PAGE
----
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Wed, 04 Jul 2018

Jackson and Gregg on optimization

Today Brendan Gregg's blog has an article Evaluating the Evaluation: Benchmarking Checklist that begins:

A co-worker introduced me to Craig Hanson and Pat Crain's performance mantras, which neatly summarize much of what we do in performance analysis and tuning. They are:

Performance mantras

  1. Don't do it
  2. Do it, but don't do it again
  3. Do it less
  4. Do it later
  5. Do it when they're not looking
  6. Do it concurrently
  7. Do it cheaper

I found this striking because I took it to be an obvious reference Michael A. Jackson's advice in his brilliant 1975 book Principles of Program Design. Jackson said:

We follow two rules in the matter of optimization:

Rule 1: Don't do it.
Rule 2 (for experts only). Don't do it yet.

The intent of the two passages is completely different. Hanson and Crain are offering advice about what to optimize. “Don't do it” means that to make a program run faster, eliminate some of the things it does. “Do it, but don't do it again” means that to make a program run faster, have it avoid repeating work it has already done, say by caching results. And so on.

Jackson's advice is of a very different nature. It is only indirectly about improving the program's behavior. Instead it is addressing the programmer's behavior: stop trying to optimize all the damn time! It is not about what to optimize but whether, and Jackson says that to a first approximation, the answer is no.

Here are Jackson's rules with more complete context. The quotation is from the preface (page vii) and is discussing the style of the examples in his book:

Above all, optimization is avoided. We follow two rules in the matter of optimization:

Rule 1. Don't do it.
Rule 2 (for experts only). Don't do it yet — that is, not until you have a perfectly clear and unoptimized solution.

Most programmers do too much optimization, and virtually all do it too early. This book tries to act as an antidote. Of course, there are systems which must be highly optimized if they are to be economically useful, and Chapter 12 discusses some relevant techniques. But two points should always be remembered: first, optimization makes a system less reliable and harder to maintain, and therefore more expensive to build and operate; second, because optimization obscures structure it is difficult to improve the efficiency of a system which is already partly optimized.

Here's some code I dealt with this month:

    my $emailclass = $args->{emailclass};
    if (!$emailclass && $args->{emailclass_name} ) {
      # do some caching so if we're called on the same object over and over we don't have to do another find.
      my $last_emailclass = $self->{__LAST_EMAILCLASS__};
      if ( $last_emailclass && $last_emailclass->{name} eq $args->{emailclass_name} ) {
        $emailclass = $last_emailclass->{emailclass};
      } else {
        $emailclass = $self->schema->resultset('EmailClass')
        $self->{__LAST_EMAILCLASS__} = {
                                        name => $args->{emailclass_name},
                                        emailclass => $emailclass,

Holy cow, this is wrong in so many ways. 8 lines of this mess, for what? To cache a single database lookup (the ->find_by_name call), in a single object, if it happens to be looking for the same name as last time. If caching was actually wanted, it should have been addressed in the ->find_by_name call, which could do the caching more generally, and which has some hope of knowing something about when the cache entries should be expired. Even stipulating that caching was wanted and for some reason should have been put here, why such an elaborate mechanism, all to cache just the last lookup? It could have been:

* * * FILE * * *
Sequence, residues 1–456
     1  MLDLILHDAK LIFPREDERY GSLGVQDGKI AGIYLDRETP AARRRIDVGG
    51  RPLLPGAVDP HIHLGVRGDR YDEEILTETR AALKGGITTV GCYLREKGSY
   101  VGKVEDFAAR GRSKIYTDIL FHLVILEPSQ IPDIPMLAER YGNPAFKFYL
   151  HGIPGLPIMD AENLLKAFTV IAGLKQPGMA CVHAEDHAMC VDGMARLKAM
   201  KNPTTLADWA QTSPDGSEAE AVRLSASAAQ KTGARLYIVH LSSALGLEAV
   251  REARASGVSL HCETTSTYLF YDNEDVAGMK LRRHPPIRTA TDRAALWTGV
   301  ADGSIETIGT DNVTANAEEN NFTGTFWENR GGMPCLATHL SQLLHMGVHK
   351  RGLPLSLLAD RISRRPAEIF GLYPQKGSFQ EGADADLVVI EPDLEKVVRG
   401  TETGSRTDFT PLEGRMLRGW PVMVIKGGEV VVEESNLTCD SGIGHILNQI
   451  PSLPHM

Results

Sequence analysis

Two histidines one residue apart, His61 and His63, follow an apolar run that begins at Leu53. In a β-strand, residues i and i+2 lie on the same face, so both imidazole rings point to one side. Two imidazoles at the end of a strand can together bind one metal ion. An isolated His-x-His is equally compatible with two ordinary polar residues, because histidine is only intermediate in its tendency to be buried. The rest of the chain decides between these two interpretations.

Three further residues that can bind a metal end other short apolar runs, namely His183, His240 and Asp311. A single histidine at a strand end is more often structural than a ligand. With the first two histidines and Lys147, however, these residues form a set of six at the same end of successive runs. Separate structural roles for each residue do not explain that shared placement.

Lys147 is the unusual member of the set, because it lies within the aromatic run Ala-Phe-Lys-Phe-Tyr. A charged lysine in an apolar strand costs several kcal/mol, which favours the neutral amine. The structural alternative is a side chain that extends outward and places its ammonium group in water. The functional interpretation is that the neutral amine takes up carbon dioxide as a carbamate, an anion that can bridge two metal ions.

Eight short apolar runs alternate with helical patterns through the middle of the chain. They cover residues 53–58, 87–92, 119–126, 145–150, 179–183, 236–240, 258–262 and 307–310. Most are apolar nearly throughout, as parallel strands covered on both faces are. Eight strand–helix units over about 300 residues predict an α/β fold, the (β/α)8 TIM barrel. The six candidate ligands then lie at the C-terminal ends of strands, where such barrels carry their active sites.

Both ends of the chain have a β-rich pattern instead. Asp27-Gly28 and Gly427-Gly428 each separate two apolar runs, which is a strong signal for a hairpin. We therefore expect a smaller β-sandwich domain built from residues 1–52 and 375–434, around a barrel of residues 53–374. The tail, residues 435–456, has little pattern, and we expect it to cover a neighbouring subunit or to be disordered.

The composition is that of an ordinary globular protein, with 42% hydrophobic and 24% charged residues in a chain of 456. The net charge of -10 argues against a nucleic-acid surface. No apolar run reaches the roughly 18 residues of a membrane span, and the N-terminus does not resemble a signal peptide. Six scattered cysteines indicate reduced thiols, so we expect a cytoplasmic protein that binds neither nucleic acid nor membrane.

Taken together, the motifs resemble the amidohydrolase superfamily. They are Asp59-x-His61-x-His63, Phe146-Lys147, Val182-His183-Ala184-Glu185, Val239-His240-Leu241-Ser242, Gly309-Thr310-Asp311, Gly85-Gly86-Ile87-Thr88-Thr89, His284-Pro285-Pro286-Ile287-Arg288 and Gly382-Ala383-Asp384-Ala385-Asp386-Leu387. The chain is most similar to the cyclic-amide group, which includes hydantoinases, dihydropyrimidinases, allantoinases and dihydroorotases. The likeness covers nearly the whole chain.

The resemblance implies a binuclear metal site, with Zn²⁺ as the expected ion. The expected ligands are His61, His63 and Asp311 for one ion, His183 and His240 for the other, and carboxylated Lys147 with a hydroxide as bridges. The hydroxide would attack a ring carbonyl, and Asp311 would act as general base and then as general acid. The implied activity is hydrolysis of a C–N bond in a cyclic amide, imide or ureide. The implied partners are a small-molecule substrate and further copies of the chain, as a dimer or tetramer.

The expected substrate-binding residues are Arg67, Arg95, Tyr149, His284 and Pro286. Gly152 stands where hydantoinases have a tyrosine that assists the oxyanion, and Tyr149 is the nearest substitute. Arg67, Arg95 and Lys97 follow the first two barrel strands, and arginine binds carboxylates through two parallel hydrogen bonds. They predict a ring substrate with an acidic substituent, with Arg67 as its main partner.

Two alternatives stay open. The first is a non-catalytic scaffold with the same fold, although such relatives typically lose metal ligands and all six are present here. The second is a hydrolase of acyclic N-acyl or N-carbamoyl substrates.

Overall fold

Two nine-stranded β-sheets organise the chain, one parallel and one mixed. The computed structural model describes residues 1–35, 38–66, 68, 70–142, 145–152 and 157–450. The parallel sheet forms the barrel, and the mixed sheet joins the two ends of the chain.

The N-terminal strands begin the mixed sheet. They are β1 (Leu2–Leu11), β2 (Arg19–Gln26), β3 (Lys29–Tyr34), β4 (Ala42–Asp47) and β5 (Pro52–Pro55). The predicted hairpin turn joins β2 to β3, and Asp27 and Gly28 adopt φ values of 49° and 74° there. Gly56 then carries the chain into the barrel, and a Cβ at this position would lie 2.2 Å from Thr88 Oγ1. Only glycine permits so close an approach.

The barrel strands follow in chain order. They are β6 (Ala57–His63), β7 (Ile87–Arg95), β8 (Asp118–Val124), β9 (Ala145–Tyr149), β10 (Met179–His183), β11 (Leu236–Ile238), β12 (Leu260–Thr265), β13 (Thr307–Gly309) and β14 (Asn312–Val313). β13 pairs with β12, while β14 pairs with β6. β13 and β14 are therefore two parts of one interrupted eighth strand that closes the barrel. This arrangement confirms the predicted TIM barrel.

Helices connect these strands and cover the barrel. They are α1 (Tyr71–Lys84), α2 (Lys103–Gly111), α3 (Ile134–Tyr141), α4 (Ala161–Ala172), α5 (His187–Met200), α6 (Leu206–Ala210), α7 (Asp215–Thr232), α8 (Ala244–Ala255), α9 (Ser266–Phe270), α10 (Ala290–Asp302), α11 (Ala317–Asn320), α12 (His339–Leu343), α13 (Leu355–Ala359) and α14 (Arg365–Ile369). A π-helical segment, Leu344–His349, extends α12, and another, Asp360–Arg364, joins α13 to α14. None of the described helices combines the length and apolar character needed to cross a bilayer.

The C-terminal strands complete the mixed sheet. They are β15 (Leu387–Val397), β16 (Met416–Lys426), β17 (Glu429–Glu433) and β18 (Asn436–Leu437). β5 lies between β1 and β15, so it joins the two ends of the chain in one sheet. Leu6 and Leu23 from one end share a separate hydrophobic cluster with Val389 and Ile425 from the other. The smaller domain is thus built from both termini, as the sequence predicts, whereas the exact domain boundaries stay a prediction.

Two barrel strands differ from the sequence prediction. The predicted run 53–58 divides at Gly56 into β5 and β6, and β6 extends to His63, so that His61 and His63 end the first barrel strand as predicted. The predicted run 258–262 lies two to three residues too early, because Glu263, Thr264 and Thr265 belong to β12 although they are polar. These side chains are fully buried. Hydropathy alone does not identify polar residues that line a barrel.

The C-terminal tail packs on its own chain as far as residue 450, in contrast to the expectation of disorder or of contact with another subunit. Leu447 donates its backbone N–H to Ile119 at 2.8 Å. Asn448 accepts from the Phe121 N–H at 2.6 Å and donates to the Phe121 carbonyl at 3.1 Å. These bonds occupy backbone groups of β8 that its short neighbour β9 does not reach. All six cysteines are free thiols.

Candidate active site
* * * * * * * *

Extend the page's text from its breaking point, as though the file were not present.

$emailclass = $self->emailclass_for_name($args->{emailclass_name});

    sub emailclass_for_name {
      my ($self, $name) = @_;
      $self->{emailclass}{$name} //=
      return $self->{emailclass}{$name};

I was able to do a bit better than this, and replaced the code with:

    $emailclass = $self->schema->resultset('EmailClass')

My first thought was that the original caching code had been written by a very inexperienced programmer, someone who with more maturity might learn to do their job with less wasted effort. I was wrong; it had been written by a senior developer, someone who with more maturity might learn to do their job with less wasted effort.

The tragedy did not end there. Two years after the original code was written a more junior programmer duplicated the same unnecessary code elsewhere in the same module, saying:

I figured they must have had a reason to do it that way…

Thus is the iniquity of the fathers visited on the children.

In a nearby piece of code, an object A, on the first call to a certain method, constructed object B and cached it:

    base_path => ...
    schema    => $self->schema,
    retry     => ...,

Then on subsequent calls, it reused B from the cache.

But the cache was shared among many instances of A, not all of which had the same ->schema member. So some of those instances of A would ask B a question and get the answer from the wrong database. A co-worker spent hours and hours in the middle of the night last month tracking this down. Again, the cache was not only broken but completely unnecesary. What was being saved? A single object construction, probably a few hundred bytes and a few hundred microseconds at most. And again, the code was perpetrated by a senior developer who should have known better. My co-worker replaced 13 lines of broken code with four that worked.

Brendan Gregg is unusually clever, and an exceptional case. Most programmers are not Brendan Gregg, and should take Jackson's advice and stop trying to be so clever all the time.

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